Charlene is a Principal Analyst at Altimeter, a Prophet company, and the author of the New York Times bestseller, Open Leadership. She is also the coauthor of the critically acclaimed, bestselling book Groundswell, which was named one of the best business books in 2008. Her newest book, The Engag...
Something we’ve focused on from day one at our technology startup is content marketing. Granted, it’s become a bit of a buzzword subject over the past year or so. With everyone jumping on the bandwagon it can feel well, a little meaningless. The thing about content marketing, like social media, is that everyone’s hot on it in the early days (“we need a blog”, “we need Facebook”) but this fades away after a few weeks or months. Why? Because content marketing does not pay back straight away.
Poor customer support costs businesses $1.6 trillion in lost opportunities, according to an Accenture estimate. While most articles on customer support focus on companies that serve consumers directly, customer churn affects companies that serve other businesses too. Business people are also consumers. They develop expectations about customer service based on their experience as consumers, and as customer service improves on the consumer side, they expect better support as business customers.
For organisations looking to withstand the test of time, being led by a purpose is critical to building the brand and ensuring that it delivers on its promises over time. Purpose is also important from an authenticity perspective, including a continuous internal evaluation on whether the brand’s positioning is aligned to purpose. In addition, results in the expression of the organisation’s brand promise; an aspect it must always deliver on to build trust both internally and externally.
Muck Rack makes it simple to find people, tweets, or articles that mention any name, keyword, company, hashtag etc. We've compiled this guide to help you make the most of your search.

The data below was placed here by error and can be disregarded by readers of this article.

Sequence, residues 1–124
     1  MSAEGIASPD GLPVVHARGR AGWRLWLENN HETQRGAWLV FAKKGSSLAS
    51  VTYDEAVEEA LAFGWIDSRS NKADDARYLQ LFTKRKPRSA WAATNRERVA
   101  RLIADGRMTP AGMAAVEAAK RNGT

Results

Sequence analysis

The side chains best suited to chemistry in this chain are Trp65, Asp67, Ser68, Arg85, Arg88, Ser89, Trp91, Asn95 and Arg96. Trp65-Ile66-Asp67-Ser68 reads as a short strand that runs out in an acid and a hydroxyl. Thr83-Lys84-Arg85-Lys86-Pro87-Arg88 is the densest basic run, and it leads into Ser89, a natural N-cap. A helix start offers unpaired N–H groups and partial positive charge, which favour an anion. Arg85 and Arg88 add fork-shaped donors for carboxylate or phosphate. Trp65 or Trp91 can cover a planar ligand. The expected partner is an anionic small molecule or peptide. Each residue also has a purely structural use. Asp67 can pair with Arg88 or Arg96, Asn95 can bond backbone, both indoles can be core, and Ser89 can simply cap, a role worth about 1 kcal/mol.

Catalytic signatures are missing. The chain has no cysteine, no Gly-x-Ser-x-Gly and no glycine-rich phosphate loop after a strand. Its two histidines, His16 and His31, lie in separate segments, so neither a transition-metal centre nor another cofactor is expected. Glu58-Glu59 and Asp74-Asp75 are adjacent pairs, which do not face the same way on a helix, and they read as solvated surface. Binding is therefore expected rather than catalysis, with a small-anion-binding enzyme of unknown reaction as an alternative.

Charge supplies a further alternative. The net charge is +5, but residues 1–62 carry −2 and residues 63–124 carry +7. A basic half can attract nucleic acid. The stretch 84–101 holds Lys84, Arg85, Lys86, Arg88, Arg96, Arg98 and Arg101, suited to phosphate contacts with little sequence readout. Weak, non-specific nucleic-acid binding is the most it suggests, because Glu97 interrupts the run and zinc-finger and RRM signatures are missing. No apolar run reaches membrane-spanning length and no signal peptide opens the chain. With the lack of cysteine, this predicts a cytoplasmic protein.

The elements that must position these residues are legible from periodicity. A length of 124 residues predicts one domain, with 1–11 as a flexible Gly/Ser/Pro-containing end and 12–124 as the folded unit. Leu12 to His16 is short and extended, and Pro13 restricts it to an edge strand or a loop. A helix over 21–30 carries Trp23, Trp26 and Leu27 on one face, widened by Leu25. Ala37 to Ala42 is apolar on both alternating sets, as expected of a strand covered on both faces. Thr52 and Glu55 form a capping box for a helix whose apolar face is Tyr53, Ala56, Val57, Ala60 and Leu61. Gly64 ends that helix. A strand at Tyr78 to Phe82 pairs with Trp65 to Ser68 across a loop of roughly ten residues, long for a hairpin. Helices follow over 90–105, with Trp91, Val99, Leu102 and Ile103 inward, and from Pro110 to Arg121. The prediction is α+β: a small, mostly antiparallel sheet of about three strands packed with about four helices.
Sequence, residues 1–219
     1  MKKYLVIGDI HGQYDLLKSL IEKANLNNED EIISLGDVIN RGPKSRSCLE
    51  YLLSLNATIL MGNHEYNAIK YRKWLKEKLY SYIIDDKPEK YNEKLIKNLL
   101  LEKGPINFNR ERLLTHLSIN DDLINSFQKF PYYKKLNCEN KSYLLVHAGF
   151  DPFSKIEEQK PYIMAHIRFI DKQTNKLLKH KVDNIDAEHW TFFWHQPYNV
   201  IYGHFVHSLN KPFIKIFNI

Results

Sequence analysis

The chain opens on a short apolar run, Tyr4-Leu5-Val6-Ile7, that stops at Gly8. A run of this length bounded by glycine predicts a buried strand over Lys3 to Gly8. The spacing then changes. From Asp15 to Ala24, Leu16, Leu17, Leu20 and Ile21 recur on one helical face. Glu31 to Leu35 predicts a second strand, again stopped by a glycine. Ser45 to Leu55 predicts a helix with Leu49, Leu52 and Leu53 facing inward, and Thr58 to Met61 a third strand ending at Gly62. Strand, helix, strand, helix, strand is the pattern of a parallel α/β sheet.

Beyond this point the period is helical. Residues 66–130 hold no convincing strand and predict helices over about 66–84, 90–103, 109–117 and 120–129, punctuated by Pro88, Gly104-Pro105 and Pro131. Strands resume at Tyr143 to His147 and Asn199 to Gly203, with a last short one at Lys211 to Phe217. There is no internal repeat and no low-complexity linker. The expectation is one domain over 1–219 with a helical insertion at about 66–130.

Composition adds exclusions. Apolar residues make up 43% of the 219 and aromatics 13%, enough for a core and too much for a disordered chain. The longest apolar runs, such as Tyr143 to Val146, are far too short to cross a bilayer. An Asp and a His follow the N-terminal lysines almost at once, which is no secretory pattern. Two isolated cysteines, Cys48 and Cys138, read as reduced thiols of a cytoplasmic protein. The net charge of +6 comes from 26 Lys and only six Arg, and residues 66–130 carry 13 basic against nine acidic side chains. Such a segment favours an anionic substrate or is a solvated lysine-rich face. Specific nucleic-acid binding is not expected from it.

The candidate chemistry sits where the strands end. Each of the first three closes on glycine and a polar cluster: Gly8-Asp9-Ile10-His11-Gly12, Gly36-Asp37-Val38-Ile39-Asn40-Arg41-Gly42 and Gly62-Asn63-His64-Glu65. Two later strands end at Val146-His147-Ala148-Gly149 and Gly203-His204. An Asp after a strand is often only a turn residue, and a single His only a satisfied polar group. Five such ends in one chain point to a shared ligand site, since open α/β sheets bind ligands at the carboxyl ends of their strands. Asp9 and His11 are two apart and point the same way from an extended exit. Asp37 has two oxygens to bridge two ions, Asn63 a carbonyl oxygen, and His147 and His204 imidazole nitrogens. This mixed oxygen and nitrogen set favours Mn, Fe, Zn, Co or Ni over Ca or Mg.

Selecting a term
Start searching tweets, articles from media outlets, articles mentioned in tweets, journalists'
names, titles and bios with some suggested searches:
Companies or Topics (e.g. iPhone, Microsoft)
Phrases (e.g. "cloud computing") — use quotes to keep the terms together
Twitter handles (e.g. @username) — returns those who have mentioned or replied to
Names (e.g. "David Pogue")
Hashtags (e.g. #sxsw, #london2012)
Bio details (e.g. vegan, Olympics, father)
Muck Rack's Advanced Search allows for many boolean operators.
Find results that mention multiple specified terms, use AND or
+. For example, ensure each result contains both Elon Musk and Mark Zuckerberg by
searching Musk AND Zuckerberg or Musk + Zuckerberg.
Use the operators OR or , to broaden your search when you'd like either of
multiple terms to appear in results. (This is the default behavior of our search when no operators
are used). For example, results will contain either cake or cookie by searching cake OR cookie or cake,cookie
Use NOT or - to subtract results from your search. For
example, searching Disney will yield results about the Walt Disney Company as well as Walt Disney
World Resort. To exclude mentions of Disney World, search for Disney -World or Disney
When using one of these operators with a phrase, enclose it in quotation marks. For example, you can
find results about smartphones excluding Apple's iPhone 4S by searching smartphone -"iPhone
Exact case matching or punctuation
If you're searching for a brand name or keyword that relies on specific punctuation marks or capitalization, you can
find results that match your exact query by adding matchcase: before the keyword you're searching for, like matchcase:E*TRADE .
Use parentheses to separate multiple
boolean phrases. For example, to find journalists talking about having fun in Disney World or
Disneyland, search for ("disney world" OR disneyland) AND fun.
An asterisk can be used to search for any variation of a root word truncated by the asterisk. For example, searching for admin* will return results for administrator, administration, administer, administered, etc.
A near operator is an AND operator where you can control the distance between the words. You can vary the distance the near operation uses by adding a forward slash and number (between 0-99) such as strawberries NEAR/10 "whipped cream", which means the strawberries must exist within 10 words of "whipped cream".